Friday, July 28, 2017

Spanish Octopus – Now 100% Trick Free

I’ve never been to Spain, so to what extent this is actually Spanish octopus, I can’t really say, but after having enjoyed this underrated seafood in more Spanish restaurants than I can remember, it has to be pretty close.

Above and beyond the ingredients, the cooking method, or should I say methods, couldn’t be easier. As long as you braise it gently on low heat, until just tender, and then give it a nice sear before serving, you should be in great shape. Which is why I’ve never understood all the crazy tips and tricks, for achieving the perfect texture.

Some say to beat it on rocks before braising, while others insist a few wine corks are the way to go. If you have one of these magical techniques, I’d love to hear about it, especially if it sounds extra nutty, but I have to admit, I am a skeptic.

You should be able to find frozen Spanish octopus at your finer markets, which is the only kind I’ve ever used, so I can’t say how much better it is fresh, but one day I would love to find out, preferably in Spain. Fresh or frozen, I really do hope you give this a try soon. Enjoy!


Ingredients for two portions:
1 pound piece Spanish octopus
2 tablespoons olive oil
1 yellow onion
3 cloves garlic
1 large or 2 small bay leaves
1 1/2 teaspoon Spanish paprika
1 1/2 teaspoon kosher salt
1/2 cup white wine
- Serve with crusty roasted potatoes

For the sauce:
About 1/3 cup reserve braising liquid (boiled, strained)
1 tablespoon fresh lemon juice
1 tablespoon extra virgin olive oil
1 tablespoon freshly chopped Italian parsley
salt to taste
cayenne to taste

18 comments:

Rainwater739 said...

Chef Jon,

I am a long time fan (since your Cheesy Crackers video from 2013)! I love your videos and I've used a few with outstanding success. However, I have a food wish I think you may enjoy figuring out: gluten-free kishka (a spiced polish blood sausage, pronounced KEESH-Kah). As a Pol and a recent member of the gluten-free group (it's not fun), I am frustrated at my options for foods of my heritage. The thing I miss the most is kishka. It's usually made with barley and sometimes wheat, and I've been unable to find a (relatively) simple recipe to make at home or one to purchase online. Can you help?

Thanks,
Rainwater739@gmail.com

Nik said...

Chef John, thanks a lot for your interest in Spahish cuisine. I am from Bilbao, on the north coast, and I can confirm that your dish is a perfectly cooked braised octopus ("pulpo a la brasa") using exclusively Spanish products.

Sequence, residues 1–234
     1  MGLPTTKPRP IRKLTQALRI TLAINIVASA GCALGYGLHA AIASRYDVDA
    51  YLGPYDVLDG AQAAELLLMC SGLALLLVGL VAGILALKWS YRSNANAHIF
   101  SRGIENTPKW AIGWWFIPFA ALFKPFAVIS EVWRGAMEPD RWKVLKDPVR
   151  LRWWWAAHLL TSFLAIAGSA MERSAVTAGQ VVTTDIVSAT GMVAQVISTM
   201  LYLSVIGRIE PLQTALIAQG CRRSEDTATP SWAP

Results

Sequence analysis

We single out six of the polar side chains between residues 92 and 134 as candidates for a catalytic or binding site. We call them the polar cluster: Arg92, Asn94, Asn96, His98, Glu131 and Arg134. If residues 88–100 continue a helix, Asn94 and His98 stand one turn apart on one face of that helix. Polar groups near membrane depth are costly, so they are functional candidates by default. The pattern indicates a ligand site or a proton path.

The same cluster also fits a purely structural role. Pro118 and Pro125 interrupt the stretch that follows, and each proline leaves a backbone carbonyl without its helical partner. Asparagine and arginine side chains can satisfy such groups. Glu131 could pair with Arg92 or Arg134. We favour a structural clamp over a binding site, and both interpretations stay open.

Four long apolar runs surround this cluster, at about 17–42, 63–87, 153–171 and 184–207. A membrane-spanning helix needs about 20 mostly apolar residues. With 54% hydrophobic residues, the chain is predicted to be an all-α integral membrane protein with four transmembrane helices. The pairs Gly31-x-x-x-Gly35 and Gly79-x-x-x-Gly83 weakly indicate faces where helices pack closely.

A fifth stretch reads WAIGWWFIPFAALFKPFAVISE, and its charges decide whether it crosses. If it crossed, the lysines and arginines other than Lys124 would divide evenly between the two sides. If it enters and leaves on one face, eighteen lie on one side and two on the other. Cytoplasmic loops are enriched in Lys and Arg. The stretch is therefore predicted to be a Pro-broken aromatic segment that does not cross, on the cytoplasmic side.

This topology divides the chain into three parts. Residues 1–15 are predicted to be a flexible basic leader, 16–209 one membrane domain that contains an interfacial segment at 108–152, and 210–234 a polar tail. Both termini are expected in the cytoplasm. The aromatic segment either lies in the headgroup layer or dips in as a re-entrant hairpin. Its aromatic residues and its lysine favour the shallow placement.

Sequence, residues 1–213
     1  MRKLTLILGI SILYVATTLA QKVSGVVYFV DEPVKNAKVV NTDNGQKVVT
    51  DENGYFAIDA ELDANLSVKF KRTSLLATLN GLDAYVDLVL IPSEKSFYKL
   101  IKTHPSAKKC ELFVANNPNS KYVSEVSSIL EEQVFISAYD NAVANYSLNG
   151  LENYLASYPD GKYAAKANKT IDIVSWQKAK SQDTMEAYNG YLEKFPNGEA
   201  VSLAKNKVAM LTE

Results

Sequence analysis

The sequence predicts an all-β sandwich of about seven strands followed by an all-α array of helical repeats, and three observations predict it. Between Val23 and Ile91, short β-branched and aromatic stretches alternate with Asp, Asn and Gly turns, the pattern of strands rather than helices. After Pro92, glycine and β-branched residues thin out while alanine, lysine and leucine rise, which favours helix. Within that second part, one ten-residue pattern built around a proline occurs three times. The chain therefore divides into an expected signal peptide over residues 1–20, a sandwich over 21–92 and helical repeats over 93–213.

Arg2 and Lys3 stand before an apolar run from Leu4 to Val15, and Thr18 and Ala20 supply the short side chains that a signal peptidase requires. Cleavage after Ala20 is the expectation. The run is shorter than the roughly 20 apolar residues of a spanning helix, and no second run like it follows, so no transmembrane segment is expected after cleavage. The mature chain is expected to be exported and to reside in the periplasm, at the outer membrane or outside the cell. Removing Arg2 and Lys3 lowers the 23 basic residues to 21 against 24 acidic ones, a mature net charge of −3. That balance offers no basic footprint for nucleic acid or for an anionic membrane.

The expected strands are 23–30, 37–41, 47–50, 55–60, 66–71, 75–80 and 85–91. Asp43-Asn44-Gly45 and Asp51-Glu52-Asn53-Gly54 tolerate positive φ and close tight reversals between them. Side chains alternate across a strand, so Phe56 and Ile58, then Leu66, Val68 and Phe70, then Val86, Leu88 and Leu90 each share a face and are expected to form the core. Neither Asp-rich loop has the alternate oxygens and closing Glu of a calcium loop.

Braised octopus is just a version of the more common boiled dish, "pulpo a feira", which is what first comes to mind when you mention octopus in Spain. You should also try this, it's delicious. Here's a link, and I guess you'd manage very well with Google Translator http://www.recetasderechupete.com/receta-de-pulpo-a-la-gallega-con-patatas/1015/

As for tricks for making it tender, nowadays people use the freezing and thawing the octopus two or three consecutive times, but I personally have never tried it.

It would be great if you could come to Spain and taste the wonderful and varied dishes we have here. You'd also find fine people who'd welcome you with open arms.

Thank you very much for your cooking lessons! - Dominique

Divtal said...

Chef John - If you haven't discovered "The Spanish Table," in SF's inner Richmond district, you must visit. They carry Spanish specialty foods (some Moroccan, too), wines, cookware and novelty items. They're on the north side of Clement St., between 2nd and 3rd Aves.. (I have no connection to them, except as a customer.)

This recipe is the perfect "excuse" to go there, again, soon.


msgs said...

Estimado Chef Jhon.
Leyendo su receta de Pulpo a la española desearía realizar, si me permite, algún comentario al respecto ya que aun siendo la receta muy apetecible, estructurada y con todo el sentido del buen hacer, creo conveniente decir:
- El pulpo no se aconseja que sea de un peso superior a 2.5 Kg (5 Lb)
- Para una cocción casi perfecta se debe de congelar en cuanto se adquiera (cuanto más fresco se congele mejor será) y dejar descongelar una noche en el frigorífico.
- Antes de dejar cocer, introducir y sacar el pulpo en el agua hirviendo tres veces y una vez hecho esto dejar cocer en torno a 45 ó 60 minutos en agua con una hoja de laurel, unos granos de pimienta y sal.
- Servir recién hecho. Para ello se corta con unas tijeras en trozos de entre 4 y 6 milímetros de grosor. Rociar con aceite de oliva virgen extra, pimentón picante y sal gorda en este orden.